“Regeneration may have smoothed east London’s rough edges, but it also drew in new residents who helped embed its cool reputation – tech workers and creatives, and younger demographics drawn by the lifestyle, as well as seeking competitive house prices and rents.”
Meanwhile, in the central London boroughs of Lambeth and Southwark, house price growth over the last five years outperformed London, with 17% and 14% growth respectively. Both boroughs are south of the river, and Lambeth is the location of one of inner London’s largest regeneration projects at Vauxhall, Nine Elms and Battersea (VNEB).
Jennet Siebrits said:
“The London sales market has been cooling over the last three years, with both price growth and transactions softening. However, there are tentative signs that the trend has reached a plateau. According to the latest RICS Residential Survey, new buyer enquiries increased for the second consecutive month in July 2019. This may well translate into a rise in sales towards the end of the year.”
London house prices have increased by 19.5% over the last five years, and CBRE forecasts prices to grow by 10% over the next five years (2019-2023).
Average rents have increased by 10% in London over the last 5 five years, and CBRE forecasts this rate of growth to accelerate to 18% over the next 5 five years (2019 - 2023).
According to CBRE’s research, the London Borough of Bexley has the lowest average monthly rent for a two-bedroom property, of £1,100 per calendar month, which compares favourably against the London average of £1,900. Also in east London, the borough of Havering, where average monthly rents are £1,125, has the second lowest average rents.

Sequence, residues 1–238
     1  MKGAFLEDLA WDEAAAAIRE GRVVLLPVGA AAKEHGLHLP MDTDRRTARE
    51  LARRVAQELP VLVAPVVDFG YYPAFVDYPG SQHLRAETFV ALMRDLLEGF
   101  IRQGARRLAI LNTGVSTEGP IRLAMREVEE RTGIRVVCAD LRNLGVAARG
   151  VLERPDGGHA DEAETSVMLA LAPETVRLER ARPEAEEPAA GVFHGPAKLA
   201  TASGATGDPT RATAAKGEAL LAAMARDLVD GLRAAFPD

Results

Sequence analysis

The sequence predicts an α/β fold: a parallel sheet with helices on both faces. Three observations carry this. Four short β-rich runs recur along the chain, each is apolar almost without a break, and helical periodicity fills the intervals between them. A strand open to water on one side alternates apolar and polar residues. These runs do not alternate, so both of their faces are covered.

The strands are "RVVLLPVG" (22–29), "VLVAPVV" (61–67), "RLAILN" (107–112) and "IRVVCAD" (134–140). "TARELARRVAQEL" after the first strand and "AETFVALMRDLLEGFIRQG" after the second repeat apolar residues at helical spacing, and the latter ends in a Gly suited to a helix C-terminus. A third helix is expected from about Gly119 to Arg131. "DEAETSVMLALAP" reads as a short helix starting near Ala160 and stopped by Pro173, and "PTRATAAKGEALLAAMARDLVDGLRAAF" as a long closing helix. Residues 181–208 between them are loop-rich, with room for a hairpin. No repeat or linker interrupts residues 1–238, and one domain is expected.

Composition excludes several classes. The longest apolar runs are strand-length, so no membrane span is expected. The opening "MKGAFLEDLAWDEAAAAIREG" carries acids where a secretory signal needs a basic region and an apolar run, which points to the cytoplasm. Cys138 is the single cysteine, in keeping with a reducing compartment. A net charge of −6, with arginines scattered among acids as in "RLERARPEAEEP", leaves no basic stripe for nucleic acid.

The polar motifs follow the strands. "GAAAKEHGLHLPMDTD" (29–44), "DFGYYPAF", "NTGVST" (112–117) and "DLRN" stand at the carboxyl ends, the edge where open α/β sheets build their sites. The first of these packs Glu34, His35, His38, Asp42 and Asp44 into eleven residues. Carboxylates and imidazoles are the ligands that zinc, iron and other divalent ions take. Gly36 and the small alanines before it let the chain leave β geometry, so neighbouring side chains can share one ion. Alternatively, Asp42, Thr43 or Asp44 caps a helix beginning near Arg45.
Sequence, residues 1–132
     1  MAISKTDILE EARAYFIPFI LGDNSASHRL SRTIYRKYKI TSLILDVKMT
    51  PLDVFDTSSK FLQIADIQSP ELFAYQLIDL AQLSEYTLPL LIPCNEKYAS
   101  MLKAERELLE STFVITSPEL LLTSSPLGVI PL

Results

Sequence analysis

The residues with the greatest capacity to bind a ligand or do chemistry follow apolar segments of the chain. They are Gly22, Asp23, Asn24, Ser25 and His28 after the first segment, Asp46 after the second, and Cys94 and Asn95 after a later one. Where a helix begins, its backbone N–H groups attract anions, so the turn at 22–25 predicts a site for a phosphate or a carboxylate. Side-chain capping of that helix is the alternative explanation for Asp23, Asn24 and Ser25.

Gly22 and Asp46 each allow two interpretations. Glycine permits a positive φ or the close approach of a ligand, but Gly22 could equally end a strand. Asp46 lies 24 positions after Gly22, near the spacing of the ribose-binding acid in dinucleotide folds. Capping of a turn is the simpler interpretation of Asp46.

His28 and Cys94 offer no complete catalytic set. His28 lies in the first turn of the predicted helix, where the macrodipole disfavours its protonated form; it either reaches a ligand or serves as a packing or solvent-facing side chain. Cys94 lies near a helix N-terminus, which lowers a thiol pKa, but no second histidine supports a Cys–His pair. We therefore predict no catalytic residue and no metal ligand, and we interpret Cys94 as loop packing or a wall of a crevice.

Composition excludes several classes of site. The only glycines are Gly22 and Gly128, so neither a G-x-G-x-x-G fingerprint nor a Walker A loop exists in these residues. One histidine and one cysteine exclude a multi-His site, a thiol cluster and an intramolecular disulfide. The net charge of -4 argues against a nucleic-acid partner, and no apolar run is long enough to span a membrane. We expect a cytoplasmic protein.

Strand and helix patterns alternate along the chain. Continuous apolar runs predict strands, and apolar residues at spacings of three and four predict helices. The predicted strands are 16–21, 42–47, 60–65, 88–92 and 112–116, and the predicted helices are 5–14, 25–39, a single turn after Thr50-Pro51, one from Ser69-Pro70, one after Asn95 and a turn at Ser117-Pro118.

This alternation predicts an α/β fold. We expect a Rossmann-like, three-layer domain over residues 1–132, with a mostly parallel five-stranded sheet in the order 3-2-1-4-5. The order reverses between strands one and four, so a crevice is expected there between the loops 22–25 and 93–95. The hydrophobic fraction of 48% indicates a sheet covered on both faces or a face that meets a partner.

Jennet Siebrits, UK Head of Residential Research, CBRE said:
“The rental market in London is buoyant. Increasing wage growth and employment growth is boosting tenant demand.
“The build to rent sector, also referred to as multifamily housing, is delivering significant numbers of new homes. There were 13,500 build to rent units under construction as at the end of the second quarter of 2019, a five-fold increase compared with five years ago.
Tenants generally enjoy a better standard of rental accommodation in professionally-managed blocks of new apartments, and that is expected to put more pressure on private landlords with older stock to make improvements to their properties and tenant services. However, even with the build to rent boom, London is still facing a housing supply shortfall. Consequently, as the supply of rental homes is not keeping up with demand, we expect average rents to rise.”
The number of private rental households in the City of London has grown by 83% over the last 10 years, and now 43% of households in the area are rental properties, the highest proportion in the capital. The district has been invigorated by the smart new bars and restaurants, boutiques, fitness studios and pop-ups, along with new housing developments and conversions. The City has the highest rents in CBRE’s study, with an average of £5,600 per month for a 2-bedroom property, reflecting luxury new stock in the area. Rental values have increased by 33% over the last five years and are forecast to grow by 20% over the next five.
Jennet Siebrits comments:
“The desire to live in the heart of the action in the City of London is part of a trend we see around the world, where there is increasing urbanisation and population growth in major cities. It means landlords and local authorities increasingly must think about city centres as places to work, socialise and live, with the onus shifting from commercial uses to a more mixed landscape."
For all the information on London living, please see Borough by Borough 2019